Referring to Kavanagh, who is currently serving a 21-year custodial sentence in the UK for conspiring to import class A and B drugs, Ms Horan said that he had been visited three times in prison to see if he wished to make an appearance and engage a solicitor but that each time he replied "no comment".
Ms Horan submitted that Kavanagh, who is believed to be an international drug trafficker and close associate of Kinahan, has been duly served, was fully aware of proceedings and did not appear to contest the case.
The court heard that the criminal organisation took hold of the property in 2014, whereby €4.5 million in cash was given to Mansfield Jnr to be invested in property. When the investment "turned sour" and Mansfield Jnr "couldn't make good" on the deal, assets were transferred to the Kinahan Organised Crime Group to repay these funds.
Ms Horan outlined that Martin Byrne, who is now in the Witness Protection Programme and who was recruited to head up security of the Mansfield family, was interviewed by gardai in 2018.
Mr Byrne said the Kavanaghs were looking for a return on their monies. He also said that a party was held in in a bar at the back of a hotel on Good Friday in 2009 where four persons including convicted murdered Freddie Thompson and Kavanagh arrived. Jim Mansfield Jnr gave instructions they were to be given "VIP treatment" for the night, the court heard. Two large suitcases with the cash were handed over by the four men the following day.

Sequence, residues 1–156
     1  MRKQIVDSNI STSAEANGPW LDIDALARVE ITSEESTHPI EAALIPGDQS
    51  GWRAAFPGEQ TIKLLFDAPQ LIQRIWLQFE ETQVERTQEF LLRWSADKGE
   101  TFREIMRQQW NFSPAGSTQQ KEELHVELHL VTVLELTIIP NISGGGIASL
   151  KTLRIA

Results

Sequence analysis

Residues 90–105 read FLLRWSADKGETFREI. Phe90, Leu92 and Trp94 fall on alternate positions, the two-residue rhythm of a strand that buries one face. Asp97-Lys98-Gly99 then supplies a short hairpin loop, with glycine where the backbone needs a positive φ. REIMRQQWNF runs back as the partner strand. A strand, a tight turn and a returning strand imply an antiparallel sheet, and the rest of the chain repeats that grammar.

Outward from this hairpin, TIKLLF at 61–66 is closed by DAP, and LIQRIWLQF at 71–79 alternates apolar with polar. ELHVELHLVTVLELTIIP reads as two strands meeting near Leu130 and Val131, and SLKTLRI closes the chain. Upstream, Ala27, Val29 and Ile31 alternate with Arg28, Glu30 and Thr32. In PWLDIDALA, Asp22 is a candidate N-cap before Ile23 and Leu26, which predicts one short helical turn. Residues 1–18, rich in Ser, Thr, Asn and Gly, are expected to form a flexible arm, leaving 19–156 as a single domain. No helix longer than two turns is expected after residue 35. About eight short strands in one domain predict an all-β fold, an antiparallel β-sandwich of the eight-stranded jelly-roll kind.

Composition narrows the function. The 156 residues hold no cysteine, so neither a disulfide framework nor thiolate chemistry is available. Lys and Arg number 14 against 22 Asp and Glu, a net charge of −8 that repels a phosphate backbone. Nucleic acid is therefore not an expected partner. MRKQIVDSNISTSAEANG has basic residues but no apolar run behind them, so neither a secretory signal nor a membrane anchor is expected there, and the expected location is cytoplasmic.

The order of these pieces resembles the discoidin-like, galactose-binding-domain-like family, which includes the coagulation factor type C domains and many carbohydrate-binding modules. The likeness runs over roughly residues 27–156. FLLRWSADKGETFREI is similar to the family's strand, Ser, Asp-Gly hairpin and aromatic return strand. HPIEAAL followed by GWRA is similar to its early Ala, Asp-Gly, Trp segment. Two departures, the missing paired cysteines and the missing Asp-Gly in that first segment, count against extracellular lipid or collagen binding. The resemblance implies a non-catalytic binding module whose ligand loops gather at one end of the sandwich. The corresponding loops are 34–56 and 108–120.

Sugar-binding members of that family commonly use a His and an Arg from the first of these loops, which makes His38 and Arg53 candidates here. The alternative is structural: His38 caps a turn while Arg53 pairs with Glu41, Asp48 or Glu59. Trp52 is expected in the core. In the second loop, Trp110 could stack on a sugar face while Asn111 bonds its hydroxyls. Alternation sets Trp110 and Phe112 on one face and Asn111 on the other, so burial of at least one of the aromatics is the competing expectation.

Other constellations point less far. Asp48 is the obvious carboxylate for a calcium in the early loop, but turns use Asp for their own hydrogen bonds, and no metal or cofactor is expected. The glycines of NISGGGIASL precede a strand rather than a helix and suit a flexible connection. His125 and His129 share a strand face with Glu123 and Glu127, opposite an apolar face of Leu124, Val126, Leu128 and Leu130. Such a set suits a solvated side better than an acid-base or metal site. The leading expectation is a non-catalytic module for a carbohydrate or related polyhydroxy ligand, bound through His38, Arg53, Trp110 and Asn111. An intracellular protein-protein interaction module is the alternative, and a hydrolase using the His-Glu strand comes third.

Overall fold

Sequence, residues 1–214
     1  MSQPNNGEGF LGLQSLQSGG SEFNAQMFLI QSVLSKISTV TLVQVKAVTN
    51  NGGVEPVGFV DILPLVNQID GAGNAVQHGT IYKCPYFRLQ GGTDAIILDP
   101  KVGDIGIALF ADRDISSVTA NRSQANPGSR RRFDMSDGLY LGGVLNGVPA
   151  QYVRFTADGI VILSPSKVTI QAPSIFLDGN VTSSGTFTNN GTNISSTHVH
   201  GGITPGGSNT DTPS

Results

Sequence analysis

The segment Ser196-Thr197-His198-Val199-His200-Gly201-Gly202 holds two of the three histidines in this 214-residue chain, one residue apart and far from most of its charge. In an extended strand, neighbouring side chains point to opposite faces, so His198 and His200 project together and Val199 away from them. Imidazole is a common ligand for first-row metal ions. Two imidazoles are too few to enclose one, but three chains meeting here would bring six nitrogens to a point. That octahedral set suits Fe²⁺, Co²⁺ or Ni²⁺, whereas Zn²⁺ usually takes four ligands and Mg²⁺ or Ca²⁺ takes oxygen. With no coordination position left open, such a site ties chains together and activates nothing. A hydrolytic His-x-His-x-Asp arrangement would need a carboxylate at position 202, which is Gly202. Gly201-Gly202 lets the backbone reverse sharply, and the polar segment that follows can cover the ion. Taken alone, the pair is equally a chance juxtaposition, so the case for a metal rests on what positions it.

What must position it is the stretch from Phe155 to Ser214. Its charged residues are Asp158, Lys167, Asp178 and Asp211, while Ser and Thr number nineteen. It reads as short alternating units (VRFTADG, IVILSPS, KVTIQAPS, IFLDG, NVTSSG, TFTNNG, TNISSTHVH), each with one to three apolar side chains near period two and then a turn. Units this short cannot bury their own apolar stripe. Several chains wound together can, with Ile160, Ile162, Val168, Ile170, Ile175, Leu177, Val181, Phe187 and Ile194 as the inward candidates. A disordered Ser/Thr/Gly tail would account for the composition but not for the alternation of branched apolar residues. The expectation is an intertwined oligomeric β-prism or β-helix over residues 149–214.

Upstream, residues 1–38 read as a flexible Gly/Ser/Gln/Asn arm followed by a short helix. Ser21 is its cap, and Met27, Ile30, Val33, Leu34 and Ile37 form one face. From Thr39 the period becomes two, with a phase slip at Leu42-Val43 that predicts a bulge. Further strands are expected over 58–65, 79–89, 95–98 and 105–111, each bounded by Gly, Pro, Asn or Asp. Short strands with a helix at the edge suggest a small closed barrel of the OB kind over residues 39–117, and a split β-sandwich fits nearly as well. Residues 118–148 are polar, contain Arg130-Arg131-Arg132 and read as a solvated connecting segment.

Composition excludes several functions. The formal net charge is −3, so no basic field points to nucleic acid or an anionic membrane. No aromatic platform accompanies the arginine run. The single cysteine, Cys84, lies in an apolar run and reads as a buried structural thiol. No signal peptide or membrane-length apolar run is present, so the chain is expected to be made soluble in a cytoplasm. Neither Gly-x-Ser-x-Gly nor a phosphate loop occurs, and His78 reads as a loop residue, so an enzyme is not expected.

Mr Byrne told CAB that Mansfield Jnr said: "Even though I was partying [last night], I was still making money."
Mr Byrne said that threatening and abusive calls were later made and there was a lot of pressure on Jim Mansfield Jnr to pay the debt. He said the house at Coldwater Lakes "was offered as part payment for the cash paid".
Mr Byrne said Kavanagh was handed over the keys to the house in April or May 2014 and that Jim Mansfield Jnr had nothing to do with the house after this. "I believe the Kinahans particularly Daniel owns Coldwater Lakes as he stayed at the property and got the house arising out of the suitcases," said Mr Byrne.
CAB has been trying to serve papers on Kinahan since last April and the bureau must serve papers on the various respondents in the case before it can seize the property.
In his ruling, Mr Justice MacGrath said this was an application under Section 3 of the Proceeds of Crime Act 1996 in respect of two assets. He said CAB had conducted a "thorough investigation" of the matter and that he had considered all 28 of the "copious amounts" of affidavits.